NATIONAL IDEALS IN POLITICS. R.S. and P.N. League Neither Labor Nor Liberal. Mr. Robert Wells, General Organising Secretary of the Returned Soldiers and Patriots' National League, delivered a fine speech at the Nundah Shire Hall on Wednesday night. The Chairman of the Toombul Shire Council (Cr. Lancaster) presided .over a. well attended meeting, held under the auspices of the League. Dealing with the aims and objects of the Returned Soldiers and Patriots' National League, Mr. Wells said that the League was neither s Labor nor Liberal in politics. If they were not either, what were they? They were a purely national organisation. They were a body of men who wanted to instil in the minds of the people, of Australia the democratic and national ideals for which they, as returned soldiers, fought. They held that party politics, in Queensland, and in every other part of the Commonwealth, had not been for the good of the country. (Hear, hear.) They held that party politics had been the caus...
WHEN ENGLISH DRINK RHINE WATER THEN—PEACE. [Newspaper Article] — National Leader — 27 October 1916
WHEN ENGLISH DRINK RHINE WATER THEN— PEACE. Gerhard Tersteegeri, a wonderful monk and poet, born at Mulheim in 1697, and who died in 1769, made use of many sayings to signify his appre ciation of , God's ways with men and nations. He was heartily revered for his excellent manner of speech and the deep piety of his life. These are a few jlij of his sayings : ' No great cause will | march on with an axe at its head j ' !| ' God is not honoured by the beak of ;ii an eagle, or the horn of battle j ' ' Germans should never revile ; ' J 'When an enemy drinks the Rhine | water, then make peace with that iji enemy. He may drink the wine of the jj nation's blood.' || .iji
THE LIBERTIES OF DEMOCRACY' Are They Worth Fighting For? Mr. Wells at the Albion. [Newspaper Article] — National Leader — 27 October 1916
THE LIBERTIES OF DEMOCRACY' Are They Worth Fighting For ? Mr. Wells at the Albion. ' Are the liberties and privileges for which unionists strove so long to obtain, worth fighting for,' was the burden of the speech of Mr. Robert Wells, General Organising Secretary to the Returned Soldiers and Patriots' National League, at the Albion Hall, on Wednesday night. The meeting at which he spoke was held under the auspices of the National Referendum Council, and was well attended. Although a small section of the audience consisted of anticon scriptionists, who continually inter jected, Mr. Wells had no difficulty in handling them. In fact, he gave them rather a bad time, and they eventually left the hall in a body, led by the man who was foremost in interjecting, a ?young man who should, or his looks belied his physical condition, be in khaki. The meeting was presided over by the Mayor of the town of Hamilton (Aid. C. W. Campbell.) Mr. Wells, after briefly drawing the attention of the audien...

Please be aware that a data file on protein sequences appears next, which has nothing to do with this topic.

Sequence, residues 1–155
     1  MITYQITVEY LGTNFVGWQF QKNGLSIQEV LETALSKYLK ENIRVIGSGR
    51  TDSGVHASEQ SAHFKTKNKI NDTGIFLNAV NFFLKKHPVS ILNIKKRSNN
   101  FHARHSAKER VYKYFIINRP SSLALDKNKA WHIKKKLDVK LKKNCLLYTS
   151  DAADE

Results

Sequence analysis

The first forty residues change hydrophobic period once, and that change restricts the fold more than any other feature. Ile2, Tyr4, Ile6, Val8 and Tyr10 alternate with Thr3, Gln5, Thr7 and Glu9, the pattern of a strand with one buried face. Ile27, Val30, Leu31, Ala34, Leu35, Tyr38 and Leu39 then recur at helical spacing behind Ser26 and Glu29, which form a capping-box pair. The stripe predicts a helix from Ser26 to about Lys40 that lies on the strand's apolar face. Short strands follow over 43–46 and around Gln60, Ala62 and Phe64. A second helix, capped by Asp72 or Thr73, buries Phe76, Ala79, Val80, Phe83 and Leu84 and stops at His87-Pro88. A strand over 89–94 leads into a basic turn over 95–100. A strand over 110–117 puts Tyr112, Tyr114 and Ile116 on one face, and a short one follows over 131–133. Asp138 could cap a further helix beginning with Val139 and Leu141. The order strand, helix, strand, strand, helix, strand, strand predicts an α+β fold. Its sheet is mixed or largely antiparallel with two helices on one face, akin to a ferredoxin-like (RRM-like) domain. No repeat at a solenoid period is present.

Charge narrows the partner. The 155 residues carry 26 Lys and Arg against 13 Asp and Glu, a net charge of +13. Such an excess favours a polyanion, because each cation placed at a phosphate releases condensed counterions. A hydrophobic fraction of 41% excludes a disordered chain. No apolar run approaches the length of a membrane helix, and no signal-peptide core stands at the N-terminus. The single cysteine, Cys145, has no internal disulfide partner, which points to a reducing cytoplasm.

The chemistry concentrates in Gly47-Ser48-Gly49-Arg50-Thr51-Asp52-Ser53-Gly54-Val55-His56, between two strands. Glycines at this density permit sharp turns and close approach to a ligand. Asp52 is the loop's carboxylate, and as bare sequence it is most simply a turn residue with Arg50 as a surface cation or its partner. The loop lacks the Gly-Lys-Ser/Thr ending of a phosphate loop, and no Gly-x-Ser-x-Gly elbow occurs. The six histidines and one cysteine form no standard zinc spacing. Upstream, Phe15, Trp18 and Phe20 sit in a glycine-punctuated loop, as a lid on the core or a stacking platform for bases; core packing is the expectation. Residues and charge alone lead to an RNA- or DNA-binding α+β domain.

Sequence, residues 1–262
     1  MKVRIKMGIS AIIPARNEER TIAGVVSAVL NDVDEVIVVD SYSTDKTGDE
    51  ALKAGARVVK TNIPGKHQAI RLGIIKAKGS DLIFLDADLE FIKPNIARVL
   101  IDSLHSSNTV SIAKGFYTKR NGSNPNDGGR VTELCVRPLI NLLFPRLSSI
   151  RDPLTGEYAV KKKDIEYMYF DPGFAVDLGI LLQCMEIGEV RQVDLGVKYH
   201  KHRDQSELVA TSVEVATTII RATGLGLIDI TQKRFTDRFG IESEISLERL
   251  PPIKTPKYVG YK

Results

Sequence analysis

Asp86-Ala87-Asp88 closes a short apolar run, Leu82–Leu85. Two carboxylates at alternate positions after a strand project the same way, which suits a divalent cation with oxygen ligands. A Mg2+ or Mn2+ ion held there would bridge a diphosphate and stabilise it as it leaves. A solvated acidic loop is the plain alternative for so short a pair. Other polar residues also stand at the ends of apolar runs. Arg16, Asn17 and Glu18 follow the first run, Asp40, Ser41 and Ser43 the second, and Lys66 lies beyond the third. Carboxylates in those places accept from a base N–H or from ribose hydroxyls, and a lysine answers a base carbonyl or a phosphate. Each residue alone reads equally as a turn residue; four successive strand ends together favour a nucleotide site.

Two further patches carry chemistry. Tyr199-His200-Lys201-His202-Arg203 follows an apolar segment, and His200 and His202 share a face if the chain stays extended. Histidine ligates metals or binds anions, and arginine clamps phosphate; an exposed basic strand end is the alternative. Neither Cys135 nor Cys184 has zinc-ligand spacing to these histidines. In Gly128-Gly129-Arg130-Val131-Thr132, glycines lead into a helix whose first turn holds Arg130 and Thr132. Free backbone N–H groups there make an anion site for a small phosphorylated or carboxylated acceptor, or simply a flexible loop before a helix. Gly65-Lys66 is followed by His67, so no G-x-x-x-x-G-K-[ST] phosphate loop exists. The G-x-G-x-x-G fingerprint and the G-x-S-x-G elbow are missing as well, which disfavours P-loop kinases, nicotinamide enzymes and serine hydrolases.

THE GENTLE-MINDED GERMAN! [Newspaper Article] — National Leader — 27 October 1916
THE GENTLE-MINDED GERMAN I You now see, proud England, that there still lives a God who can punish and wreck vengeance. Thy hero sank in the storm to expiate thy thousand fold crimes. Only the trump of doom will awaken the bloodhound Kit chener, the terror of mankind. Thou, too, like Kitchener, wilt perish for thy guilt in darkness and in dread . . . . and if God does not permit us to exterminate you just yet, you will, unless you do penance, pronounce, judgment on yourself. — ' Schlesische Zeitung,' Berlin. ▲ ▲▲